5/4/11 | 4239 views
Pastor, Parish Priest, Promoter of Vocations was 87
Auxiliary Bishop Anthony F. Mestice, pastor emeritus of Resurrection parish in Rye and the first U.S.-born Italian-American priest to become a bishop of the New York Archdiocese, died April 29 at Mary Manning Walsh Home in Manhattan. He was 87.
He also had been pastor of Holy Trinity and Our Lady of Mount Carmel in Poughkeepsie and St. Dominic’s in the Bronx. He continually promoted vocations and served for many years as archdiocesan vicar for vocations.
“I have always been a parish priest,” he once told CNY. “I never wanted to do anything else.”
Archbishop Dolan is to celebrate the Funeral Mass at St. Patrick’s Cathedral on Thursday, May 5, at 11 a.m. Father Joseph P. LaMorte, pastor of St. Gregory Barbarigo parish in Garnerville, will be the homilist.
Cardinal Egan was to celebrate the Mass of the Holy Eucharist at Resurrection Church in Rye on May 4. The homilist was to be Father Richard A. LaMorte, chaplain and campus minister at Marist College in Poughkeepsie.
The homilists, who are cousins, grew up the parish where Bishop Mestice was assigned—and spent 20 years—following his ordination in 1949: St. Anthony’s in the Wakefield section of the Bronx. Both served him as altar boys and as parochial vicars when he was a pastor.
Father Richard LaMorte described then-Father Mestice as “a hands-on kind of guy” who loved his weekly softball game with the men of the parish but was just as ready to work alongside them to set up the parish bazaar.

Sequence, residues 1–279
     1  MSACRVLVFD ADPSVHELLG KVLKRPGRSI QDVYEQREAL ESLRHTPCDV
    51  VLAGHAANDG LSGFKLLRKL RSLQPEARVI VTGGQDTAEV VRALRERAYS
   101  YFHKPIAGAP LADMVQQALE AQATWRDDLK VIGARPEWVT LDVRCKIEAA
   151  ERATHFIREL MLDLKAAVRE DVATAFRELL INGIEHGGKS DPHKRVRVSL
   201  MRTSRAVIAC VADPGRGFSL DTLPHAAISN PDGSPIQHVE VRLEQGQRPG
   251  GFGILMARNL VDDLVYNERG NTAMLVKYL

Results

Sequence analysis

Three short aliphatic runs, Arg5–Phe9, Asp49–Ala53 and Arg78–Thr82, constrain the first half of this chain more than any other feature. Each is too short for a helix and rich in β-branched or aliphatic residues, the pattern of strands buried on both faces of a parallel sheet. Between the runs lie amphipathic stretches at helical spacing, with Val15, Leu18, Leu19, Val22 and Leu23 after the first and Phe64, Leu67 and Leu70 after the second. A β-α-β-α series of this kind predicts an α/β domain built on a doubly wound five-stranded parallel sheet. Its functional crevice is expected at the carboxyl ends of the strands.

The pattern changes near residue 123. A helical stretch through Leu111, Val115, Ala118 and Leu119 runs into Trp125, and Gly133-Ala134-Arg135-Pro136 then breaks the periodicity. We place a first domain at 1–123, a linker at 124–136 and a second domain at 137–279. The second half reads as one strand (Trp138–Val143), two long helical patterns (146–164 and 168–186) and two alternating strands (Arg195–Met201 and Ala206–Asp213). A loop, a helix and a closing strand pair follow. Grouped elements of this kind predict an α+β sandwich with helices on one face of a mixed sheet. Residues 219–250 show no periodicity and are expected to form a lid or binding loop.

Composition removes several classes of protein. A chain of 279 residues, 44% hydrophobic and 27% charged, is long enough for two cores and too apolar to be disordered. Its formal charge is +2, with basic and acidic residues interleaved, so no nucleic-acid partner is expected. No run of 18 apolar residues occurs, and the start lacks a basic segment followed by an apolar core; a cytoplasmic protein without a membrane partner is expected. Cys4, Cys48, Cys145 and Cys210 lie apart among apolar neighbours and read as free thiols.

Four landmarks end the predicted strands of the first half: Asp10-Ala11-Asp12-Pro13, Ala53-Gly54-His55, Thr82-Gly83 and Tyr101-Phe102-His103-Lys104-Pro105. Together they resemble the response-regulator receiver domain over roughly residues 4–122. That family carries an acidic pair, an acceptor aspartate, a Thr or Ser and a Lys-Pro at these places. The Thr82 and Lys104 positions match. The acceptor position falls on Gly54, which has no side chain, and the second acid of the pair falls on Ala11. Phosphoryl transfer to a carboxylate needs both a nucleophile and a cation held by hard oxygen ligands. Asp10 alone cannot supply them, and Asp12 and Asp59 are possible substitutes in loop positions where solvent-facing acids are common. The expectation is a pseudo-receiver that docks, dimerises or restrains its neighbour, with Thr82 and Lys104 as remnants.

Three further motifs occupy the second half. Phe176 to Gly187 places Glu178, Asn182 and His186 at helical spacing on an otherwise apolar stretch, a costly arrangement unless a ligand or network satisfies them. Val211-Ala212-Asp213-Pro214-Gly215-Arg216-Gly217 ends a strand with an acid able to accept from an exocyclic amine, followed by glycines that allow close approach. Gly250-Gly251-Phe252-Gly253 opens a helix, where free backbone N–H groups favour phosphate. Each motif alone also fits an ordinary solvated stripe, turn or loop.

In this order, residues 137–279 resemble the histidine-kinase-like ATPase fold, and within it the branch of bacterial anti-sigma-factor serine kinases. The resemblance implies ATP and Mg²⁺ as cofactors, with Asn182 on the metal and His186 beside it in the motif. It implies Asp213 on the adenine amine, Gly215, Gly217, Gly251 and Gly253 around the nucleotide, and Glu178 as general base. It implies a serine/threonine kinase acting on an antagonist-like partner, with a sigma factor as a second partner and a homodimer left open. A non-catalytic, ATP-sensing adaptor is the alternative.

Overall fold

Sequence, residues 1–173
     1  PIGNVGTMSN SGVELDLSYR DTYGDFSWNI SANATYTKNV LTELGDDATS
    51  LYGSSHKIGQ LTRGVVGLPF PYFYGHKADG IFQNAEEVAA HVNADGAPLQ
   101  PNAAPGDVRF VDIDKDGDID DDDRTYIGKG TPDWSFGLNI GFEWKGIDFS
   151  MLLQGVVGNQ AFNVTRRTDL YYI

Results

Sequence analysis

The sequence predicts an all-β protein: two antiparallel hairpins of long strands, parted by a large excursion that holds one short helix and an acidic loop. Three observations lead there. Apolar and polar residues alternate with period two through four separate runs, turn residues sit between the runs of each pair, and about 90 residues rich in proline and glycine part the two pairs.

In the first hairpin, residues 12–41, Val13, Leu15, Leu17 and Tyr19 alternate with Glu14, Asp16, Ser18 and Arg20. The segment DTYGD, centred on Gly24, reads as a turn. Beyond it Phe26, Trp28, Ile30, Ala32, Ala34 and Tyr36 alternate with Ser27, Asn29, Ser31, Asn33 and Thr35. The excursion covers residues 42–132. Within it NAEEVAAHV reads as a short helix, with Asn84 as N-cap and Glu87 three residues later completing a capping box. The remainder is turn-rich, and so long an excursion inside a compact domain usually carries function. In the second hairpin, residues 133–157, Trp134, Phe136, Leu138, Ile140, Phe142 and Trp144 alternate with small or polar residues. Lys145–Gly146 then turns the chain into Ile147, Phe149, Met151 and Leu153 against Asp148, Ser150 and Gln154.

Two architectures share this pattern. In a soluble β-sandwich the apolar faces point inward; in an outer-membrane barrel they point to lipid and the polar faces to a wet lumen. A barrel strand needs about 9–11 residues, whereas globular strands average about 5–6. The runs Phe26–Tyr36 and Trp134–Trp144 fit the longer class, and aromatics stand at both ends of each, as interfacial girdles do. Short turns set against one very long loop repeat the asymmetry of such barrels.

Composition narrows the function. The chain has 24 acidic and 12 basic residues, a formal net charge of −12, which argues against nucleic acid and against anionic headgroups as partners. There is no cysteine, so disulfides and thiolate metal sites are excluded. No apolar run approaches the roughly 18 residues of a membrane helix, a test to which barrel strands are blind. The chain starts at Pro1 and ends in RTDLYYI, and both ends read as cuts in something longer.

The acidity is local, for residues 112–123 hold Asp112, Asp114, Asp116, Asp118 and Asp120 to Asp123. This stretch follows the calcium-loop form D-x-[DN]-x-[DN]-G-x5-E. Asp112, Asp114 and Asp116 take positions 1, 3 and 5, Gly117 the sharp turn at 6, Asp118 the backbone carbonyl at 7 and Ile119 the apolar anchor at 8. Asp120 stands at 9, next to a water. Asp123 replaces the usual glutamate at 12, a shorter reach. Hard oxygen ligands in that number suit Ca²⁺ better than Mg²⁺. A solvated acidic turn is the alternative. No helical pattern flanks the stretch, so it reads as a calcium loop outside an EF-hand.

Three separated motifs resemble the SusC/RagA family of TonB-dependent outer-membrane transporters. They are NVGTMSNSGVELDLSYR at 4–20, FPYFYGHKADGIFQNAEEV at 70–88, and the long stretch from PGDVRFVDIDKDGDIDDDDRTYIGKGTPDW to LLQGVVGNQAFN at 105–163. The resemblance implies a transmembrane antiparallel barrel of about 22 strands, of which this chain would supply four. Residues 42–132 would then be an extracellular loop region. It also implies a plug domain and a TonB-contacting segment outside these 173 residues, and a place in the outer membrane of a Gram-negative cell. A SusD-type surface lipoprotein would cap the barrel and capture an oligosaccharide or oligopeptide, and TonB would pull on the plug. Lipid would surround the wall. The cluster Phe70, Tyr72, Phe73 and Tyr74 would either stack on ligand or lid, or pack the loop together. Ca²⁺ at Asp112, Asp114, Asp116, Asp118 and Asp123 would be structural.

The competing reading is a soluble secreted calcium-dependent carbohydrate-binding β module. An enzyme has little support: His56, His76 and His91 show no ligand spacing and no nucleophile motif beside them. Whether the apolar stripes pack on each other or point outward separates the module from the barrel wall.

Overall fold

Bishop Mestice was “incredibly down-to-earth” and deeply prayerful, he said. Father LaMorte was a parochial vicar at Our Lady of Mount Carmel in Poughkeepsie when then-Father Mestice was assigned there as pastor in 1969, and Father LaMorte drove him there for a preliminary visit. When they entered the city limits and saw the sign identifying it as Poughkeepsie, “he stopped talking and he stopped me from talking,” and he prayed, Father LaMorte recalled.
Bishop Mestice also emphasized the importance of priestly fraternity, and as vicar of Dutchess he began a tradition of gathering all the priests of the county for dinner on Palm Sunday evening—a tradition that continues, Father LaMorte said.
Father Joseph LaMorte recalled that then-Father Mestice taught him how to serve Mass.
“That was my first recollection of wanting to be a priest…I wanted to do what he was doing,” he said. Years later he would serve as parochial vicar at Holy Trinity in Poughkeepsie under Bishop Mestice. (Father LaMorte later was pastor there.)
“It was sort of like the realization of a dream,” Father LaMorte said. “I am a priest, and my childhood hero is now my pastor. He was very good; he treated me with respect.”
He said that there was a sense of pride in St. Anthony’s parish and in the Italian community when it was announced that Father Mestice was to be ordained a bishop, but he noted that Bishop Mestice “would probably be the first to say, ‘I want to be a bishop for everybody.’ ”
Born in New York City, he was the third of three sons of Consiglia and Donato Mestice. His parents were born in Italy; his father was a tailor. He grew up in Manhattan, where his family belonged to St. John the Evangelist parish.